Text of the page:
The recent floods in Mathare and around Kenya call for a renewed understanding of the capitalist response to the climate crisis. The role of the police force is to protect capital and serve the interests of the ruling class. The trampling of the democratic liberties of innocent Kenyan community members must be stopped through increased resistance. It is not a crime to organize a demonstration against illegitimate and depraved government decisions and actions – it is an undeniable right enshrined in the Kenyan constitution.

Solidarity with the struggle for justice and liberation

The struggle for adequate relief, aid, and climate justice continues in Mathare and other informal settlements of Nairobi. Much of the water supply has been contaminated and international humanitarian organizations have warned that water and mosquito-borne disease such as cholera and malaria are significant concerns. Streets within the settlements are lined with people’s belongings, muddy and battered by the continued rains. Meanwhile, the government’s response remains slow and insufficient, and – despite warnings from meteorological agencies who predict further unstable and extreme weather conditions – preparations to prevent future disasters remain underdeveloped.

What will it take to be victorious against an unjust system and secure dignity and justice for the people of Mathare, Mukuru, Kibera, and other informal settlements in Kenya? An organized struggle that forces truth and transparency into the open and makes it impossible for the state to continue avoiding accountability. This struggle – which is only possible with leadership from the grassroots – is one that needs our support. The words, works, and actions of MSJC offer invaluable lessons from which organizers can better understand how to organically defend human rights and collectively promote social justice.

We stand in solidarity with the people of Mathare and all community members of informal settlements who have been affected by the Kenyan government’s inhumane and undignified handling of the climate crisis, flooding, and planned displacement of thousands of residents.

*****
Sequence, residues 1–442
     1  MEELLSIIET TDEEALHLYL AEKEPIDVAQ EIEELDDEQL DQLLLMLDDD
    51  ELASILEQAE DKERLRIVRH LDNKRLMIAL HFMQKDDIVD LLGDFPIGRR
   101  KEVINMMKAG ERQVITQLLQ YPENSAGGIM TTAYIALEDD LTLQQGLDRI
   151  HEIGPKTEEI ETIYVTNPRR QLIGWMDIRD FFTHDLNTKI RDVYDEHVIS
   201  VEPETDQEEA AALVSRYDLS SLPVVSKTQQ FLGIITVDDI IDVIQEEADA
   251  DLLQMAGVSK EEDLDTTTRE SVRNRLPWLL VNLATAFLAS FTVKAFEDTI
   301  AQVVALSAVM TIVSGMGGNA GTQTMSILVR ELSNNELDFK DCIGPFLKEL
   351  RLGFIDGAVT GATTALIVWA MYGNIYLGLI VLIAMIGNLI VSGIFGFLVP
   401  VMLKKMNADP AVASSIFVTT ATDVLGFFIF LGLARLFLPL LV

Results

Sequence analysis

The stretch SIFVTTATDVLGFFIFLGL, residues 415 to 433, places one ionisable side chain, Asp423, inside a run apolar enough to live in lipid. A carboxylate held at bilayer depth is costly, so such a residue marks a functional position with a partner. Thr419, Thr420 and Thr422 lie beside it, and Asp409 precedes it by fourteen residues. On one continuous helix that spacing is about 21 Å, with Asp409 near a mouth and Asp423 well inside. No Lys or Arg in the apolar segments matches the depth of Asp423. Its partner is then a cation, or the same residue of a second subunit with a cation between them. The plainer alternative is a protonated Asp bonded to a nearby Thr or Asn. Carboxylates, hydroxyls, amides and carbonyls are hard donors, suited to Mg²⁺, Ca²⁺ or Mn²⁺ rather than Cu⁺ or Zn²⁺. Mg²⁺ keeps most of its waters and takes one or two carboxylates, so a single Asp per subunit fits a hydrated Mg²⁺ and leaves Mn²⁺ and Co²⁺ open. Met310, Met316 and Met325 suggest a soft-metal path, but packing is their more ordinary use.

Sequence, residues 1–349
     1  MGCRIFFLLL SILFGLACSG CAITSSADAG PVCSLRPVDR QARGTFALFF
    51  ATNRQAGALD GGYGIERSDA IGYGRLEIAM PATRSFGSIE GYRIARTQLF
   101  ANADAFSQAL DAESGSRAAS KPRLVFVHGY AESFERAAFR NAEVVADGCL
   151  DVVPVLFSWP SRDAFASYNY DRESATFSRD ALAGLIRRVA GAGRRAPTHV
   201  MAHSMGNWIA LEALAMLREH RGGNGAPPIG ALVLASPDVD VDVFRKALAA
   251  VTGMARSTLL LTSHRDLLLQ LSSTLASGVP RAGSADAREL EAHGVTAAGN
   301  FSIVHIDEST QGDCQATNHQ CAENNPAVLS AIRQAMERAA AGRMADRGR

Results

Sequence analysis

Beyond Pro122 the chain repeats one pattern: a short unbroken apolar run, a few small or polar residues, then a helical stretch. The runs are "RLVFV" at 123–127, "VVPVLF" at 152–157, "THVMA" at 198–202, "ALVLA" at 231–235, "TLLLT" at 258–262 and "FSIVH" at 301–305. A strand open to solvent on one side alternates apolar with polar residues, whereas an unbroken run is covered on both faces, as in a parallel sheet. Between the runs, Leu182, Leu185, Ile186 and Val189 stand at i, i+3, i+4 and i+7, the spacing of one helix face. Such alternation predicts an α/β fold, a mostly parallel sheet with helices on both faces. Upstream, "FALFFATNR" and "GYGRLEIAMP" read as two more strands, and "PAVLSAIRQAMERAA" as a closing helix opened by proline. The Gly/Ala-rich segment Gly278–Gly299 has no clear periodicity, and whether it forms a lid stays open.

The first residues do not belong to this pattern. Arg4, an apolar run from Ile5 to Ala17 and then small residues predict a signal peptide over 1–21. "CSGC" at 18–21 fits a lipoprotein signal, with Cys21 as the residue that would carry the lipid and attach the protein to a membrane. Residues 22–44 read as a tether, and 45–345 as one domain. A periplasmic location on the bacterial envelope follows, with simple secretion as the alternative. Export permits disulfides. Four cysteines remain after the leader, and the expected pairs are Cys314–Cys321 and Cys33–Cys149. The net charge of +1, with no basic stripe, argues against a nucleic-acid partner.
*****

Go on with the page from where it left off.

We stand with organizers of the MSJC and the Environmental Justice Network in their efforts to organize demands for accountability and resistance to the cruel manner in which the Kenyan government has responded to recent flooding, devastation, and loss of life. We stand in solidarity with those who were wrongfully harassed and arrested while exercising their democratic rights to organize and demonstrate in opposition to the attempt of the ruling class to impose the costs of the ecological crisis onto the urban poor and most marginalized people of Kenya.

For updates, more information, and to learn how to support the struggle for ecological justice in Kenya, please visit the Mathare Social Justice Centre webpage.

Further reading

Jones, Peris Sean and Gacheke Gachihi. (2023). ‘Decolonising Human Rights: The Rise of Nairobi’s Social Justice Centres’ in Urban Politics of Human Rights, J. E. Nijman, et al. (eds). New York and London: Routledge.

Jones, Peris Sean, et al. (2017). “Only the People Can Defend this Struggle’: The Politics of the Everyday, Extrajudicial Executions and Civil Society in Mathare, Kenya.” Review of African Political Economy, 44 (154): 559-576.

Ndung’u, Samuel Gathanga. (2022). Mathare: An Urban Bastion of Anti-oppression Struggle. Québec and Nairobi: Daraja Press.

This article was first published by ROAPE.